at Eglinton Castle a MS . account of the Montgomery
family in Scotland, which was destroyed when that old
pile was burnt by the Cunninghams, in 1528. Our
author's work, therefore, on this subject, is the earliest
existing attempt to illustrate the family history, and it is
especially valuable, because treating of persons who came
within the reach of his personal knowledge, and events
that had occurred during the period of his own life.
Since these memoirs were written, the following compila-
tions have been made, intended by their authors chiefly
to illustrate the genealogical history of the Montgo-
merys : — 1. Hugh Montgomerie, of Broomlands, in the
parish of Irvine, compiled, prior to the year 1760, what
is known as the Broomlands Manuscript, containing re-
cords of the Montgomery family from an early period.
The author of this work, which is still in MS., died in
1766, aged eighty years. 2. John Hamilton Mont-
gomery, of Barnahill, in the county of Ayr, who was cap-
tain in the 76th regiment, wrote a Genealogy of the Family
of Montgomery, compiled from various authorities, which
also remains in manuscript. — Paterson, Account of the
Parishes and Families of Ayrshire, vol. ii., p. 229, note.
3. Mrs. E. G. S. Reilly printed for private circulation, in
1842, A Genealogical History of the Family of Montgomery,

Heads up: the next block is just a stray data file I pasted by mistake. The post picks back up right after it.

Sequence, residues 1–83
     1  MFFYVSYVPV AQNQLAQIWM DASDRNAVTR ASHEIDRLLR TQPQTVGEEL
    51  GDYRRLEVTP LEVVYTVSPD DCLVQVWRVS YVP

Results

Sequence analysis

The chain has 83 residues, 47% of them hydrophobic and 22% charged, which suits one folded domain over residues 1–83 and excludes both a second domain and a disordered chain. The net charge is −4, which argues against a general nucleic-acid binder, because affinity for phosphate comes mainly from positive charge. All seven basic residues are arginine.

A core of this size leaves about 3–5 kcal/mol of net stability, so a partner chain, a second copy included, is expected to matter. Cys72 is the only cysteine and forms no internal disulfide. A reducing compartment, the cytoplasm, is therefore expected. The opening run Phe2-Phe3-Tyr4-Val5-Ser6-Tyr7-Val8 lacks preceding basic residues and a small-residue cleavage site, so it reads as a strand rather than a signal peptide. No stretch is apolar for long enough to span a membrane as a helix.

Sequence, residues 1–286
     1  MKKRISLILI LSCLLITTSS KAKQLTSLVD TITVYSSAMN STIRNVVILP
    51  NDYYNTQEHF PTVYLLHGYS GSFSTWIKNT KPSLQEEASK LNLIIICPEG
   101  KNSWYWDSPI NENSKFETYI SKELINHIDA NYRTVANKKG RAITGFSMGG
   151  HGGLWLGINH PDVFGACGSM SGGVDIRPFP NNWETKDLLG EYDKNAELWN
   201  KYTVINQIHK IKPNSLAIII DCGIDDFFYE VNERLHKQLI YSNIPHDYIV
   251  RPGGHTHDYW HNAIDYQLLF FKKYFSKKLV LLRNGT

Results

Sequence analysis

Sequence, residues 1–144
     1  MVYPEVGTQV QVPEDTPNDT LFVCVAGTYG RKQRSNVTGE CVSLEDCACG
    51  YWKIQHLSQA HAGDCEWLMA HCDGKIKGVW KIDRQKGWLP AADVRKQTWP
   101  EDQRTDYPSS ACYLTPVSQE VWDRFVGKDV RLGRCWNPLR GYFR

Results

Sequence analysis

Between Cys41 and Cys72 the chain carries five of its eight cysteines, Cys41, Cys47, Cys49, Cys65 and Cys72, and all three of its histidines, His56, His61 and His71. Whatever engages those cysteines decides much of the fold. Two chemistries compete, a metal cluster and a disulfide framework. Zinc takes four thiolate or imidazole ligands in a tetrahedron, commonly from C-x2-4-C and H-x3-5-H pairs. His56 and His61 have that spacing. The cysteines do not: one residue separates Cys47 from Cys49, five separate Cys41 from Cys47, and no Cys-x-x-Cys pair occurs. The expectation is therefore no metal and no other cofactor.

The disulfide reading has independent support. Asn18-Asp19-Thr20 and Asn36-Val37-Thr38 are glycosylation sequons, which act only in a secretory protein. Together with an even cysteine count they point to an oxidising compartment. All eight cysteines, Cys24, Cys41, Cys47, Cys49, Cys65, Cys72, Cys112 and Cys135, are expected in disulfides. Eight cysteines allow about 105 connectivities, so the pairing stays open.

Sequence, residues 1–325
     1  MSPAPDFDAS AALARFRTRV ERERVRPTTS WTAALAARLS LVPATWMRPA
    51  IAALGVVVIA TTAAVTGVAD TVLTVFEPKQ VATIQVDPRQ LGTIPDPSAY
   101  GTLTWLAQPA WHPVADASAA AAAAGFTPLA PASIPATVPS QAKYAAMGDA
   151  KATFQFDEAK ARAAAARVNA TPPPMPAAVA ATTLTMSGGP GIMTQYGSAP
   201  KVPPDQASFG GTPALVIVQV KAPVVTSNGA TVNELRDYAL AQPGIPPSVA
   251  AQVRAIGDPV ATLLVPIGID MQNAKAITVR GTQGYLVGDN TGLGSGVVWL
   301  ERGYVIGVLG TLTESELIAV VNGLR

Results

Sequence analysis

comprising the lines of Eglinton and Braidslane in Scot-
land, and Mount-Alexander and Grey- Abbey in Ireland.
This lady was the daughter of the Rev. Hugh Mont-
gomery, of Rosemount, who died in 1S15, and a descen-
dant, through John of Gransheogh, in common with the
author of the Montgomery Manuscripts, in the Braidstane
line. 4. William Anderson printed, at Edinburgh, in
1859, A Genealogical Account of the Family of Mont-
gomerie, formerly of Brigend of Doon, Ayrshire, male and
lineal representative of the ancient and noble families of
Eglinton and Lyle. This account commences only with
the commencement of the sixteenth century. 5. James
Fraser published, at Edinburgh, in 1S59, two volumes,
4to, entitled, Memorials of the Montgomeries Earls of
Eglinton. This is a most valuable work, principally be-
cause in it are printed many original letters, charters,
and marriage contracts. The letters contain much im-
portant information on public as well as family affairs,
between the years 1170 and 1728. 6. Thomas Harrison
Montgomery published, at Philadelphia, in 1S63, A Genea-
logical History of the Family of Montgomery, including the
Montgomery Pedigree, — a work which contains much in-
formation respecting the families of this surname who emi-
grated to the United States. In his preface, the author
says : — " Many years ago, my attention was drawn to the
examination of records and doings of the generations of
the Montgomerys, immediately preceding that one which
came to America. This was due chiefly to the perusal
of documents and papers brought from Scotland to this
country by the first one of the family who crossed the
ocean. William Montgomery, of Brigend, now more
than one hundred and sixty years ago, came with his wife